Criminal on trialIn June, 2023 Governor Abbott signed House Bill 6. This new law allows for prosecutors to bring murder charges against one who is shown to have provided fentanyl to an individual who subsequently dies from overdosing. Charges will carry a potential sentence of fifteen to ninety-nine years in prison. The extent to which individuals will be charged under this act have yet to be seen. As an Austin criminal defense lawyer, I am writing to discuss the specifics of the law and the process which a defendant will face.

Texas may punish fentanyl-related deaths with a sentence of fifteen to ninety-nine years in prison

Under Texas’ new law an individual may be sentenced to a term of fifteen to ninety-nine years in prison if they are convicted of supplying fentanyl to someone who used it in a fatal overdose. Prosecutors who bring such cases will have the evidentiary burden of tying the particular use, which resulted in death, with a particular drug transaction. While this may sound like a difficult evidentiary connection to make, investigations into a death may very well show where or how a deceased victim was receiving their drugs. If an individual is charged under this new act then they should expect the prosecution to aggressively pursue charges and for the judge to have little leniency in the event of a conviction.

House Bill 6 passed with bipartisan support and is seen as part of a broader effort to reduce fentanyl-related deaths in the state of Texas. Like all drug-related charges, various legal issues may arise in cases involving the new act. Such issues may involve the illegal seizure of evidence by police officers, the exclusion of statements taken in violation of one’s Miranda rights, and issues of improper eyewitness identifications if individuals claim to have “seen” the defendant dealing drugs. How to approach such charges will always depend on the specifics of the case and it will be important that anyone charged under this new act retain an attorney.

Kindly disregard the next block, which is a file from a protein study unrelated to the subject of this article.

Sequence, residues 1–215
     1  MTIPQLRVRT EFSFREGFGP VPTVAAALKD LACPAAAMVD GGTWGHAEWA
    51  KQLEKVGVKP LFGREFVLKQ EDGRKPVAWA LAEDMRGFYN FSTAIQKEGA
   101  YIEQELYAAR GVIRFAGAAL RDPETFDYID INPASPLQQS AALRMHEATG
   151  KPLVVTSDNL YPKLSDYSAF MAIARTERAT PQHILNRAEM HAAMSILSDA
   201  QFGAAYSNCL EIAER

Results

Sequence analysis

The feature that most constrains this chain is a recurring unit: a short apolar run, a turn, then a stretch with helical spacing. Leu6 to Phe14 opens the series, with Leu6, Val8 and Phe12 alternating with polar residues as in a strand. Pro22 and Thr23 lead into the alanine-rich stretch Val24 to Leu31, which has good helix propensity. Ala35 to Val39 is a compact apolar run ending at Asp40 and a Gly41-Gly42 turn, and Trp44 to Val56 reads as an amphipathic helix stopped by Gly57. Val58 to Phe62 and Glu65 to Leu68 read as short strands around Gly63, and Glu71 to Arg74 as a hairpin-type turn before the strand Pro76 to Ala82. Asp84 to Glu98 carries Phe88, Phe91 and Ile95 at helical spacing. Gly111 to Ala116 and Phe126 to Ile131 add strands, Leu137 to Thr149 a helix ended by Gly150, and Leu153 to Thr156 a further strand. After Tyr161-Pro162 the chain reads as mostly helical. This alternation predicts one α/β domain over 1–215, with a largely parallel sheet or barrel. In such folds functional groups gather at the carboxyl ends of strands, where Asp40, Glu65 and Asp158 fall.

Defending against drug-related charges at trial

As stated above, it will be the prosecution’s burden to prove that the defendant provided the actual fentanyl which was used in the overdose. The prosecution, therefore, will need to prove when the purchase of drugs was made. It will not be enough, from a legal standpoint, to show that an individual sold fentanyl, at some point in time, to a person who overdosed. Whether the prosecution can present sufficient evidence of this, which will withstand appeal, will be an interesting issue in early cases tried under the act.

If you or a family member have been arrested then contact my office today to speak with an Austin criminal defense lawyer. I practice in no area besides criminal law and my office prides itself on providing quality service. We look forward to speaking with you. I pride myself on providing a high level of representation and I look forward to speaking with you. My office also serves the cities of Rollingwood, Round Rock, Elgin, Jonestown, Manor, Bee Cave, Lago Vista, Sunset Valley, Lakeway, Creedmoor, Georgetown, Cedar Park, Leander, and San Marcos, Texas.